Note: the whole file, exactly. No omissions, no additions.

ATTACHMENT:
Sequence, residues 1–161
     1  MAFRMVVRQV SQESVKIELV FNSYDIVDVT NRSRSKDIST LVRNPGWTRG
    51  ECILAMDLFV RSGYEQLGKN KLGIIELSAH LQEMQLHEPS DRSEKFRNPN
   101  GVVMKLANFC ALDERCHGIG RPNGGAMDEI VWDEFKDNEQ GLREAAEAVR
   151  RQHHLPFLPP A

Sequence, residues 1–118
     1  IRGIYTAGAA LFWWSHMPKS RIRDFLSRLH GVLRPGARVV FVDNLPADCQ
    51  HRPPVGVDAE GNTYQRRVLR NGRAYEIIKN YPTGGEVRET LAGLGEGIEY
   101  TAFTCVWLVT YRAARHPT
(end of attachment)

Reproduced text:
Sequence, residues 1–161
     1  MAFRMVVRQV SQESVKIELV FNSYDIVDVT NRSRSKDIST LVRNPGWTRG
    51  ECILAMDLFV RSGYEQLGKN KLGIIELSAH LQEMQLHEPS DRSEKFRNPN
   101  GVVMKLANFC ALDERCHGIG RPNGGAMDEI VWDEFKDNEQ GLREAAEAVR
   151  RQHHLPFLPP A

Sequence, residues 1–118
     1  IRGIYTAGAA LFWWSHMPKS RIRDFLSRLH GVLRPGARVV FVDNLPADCQ
    51  HRPPVGVDAE GNTYQRRVLR NGRAYEIIKN YPTGGEVRET LAGLGEGIEY
   101  TAFTCVWLVT YRAARHPT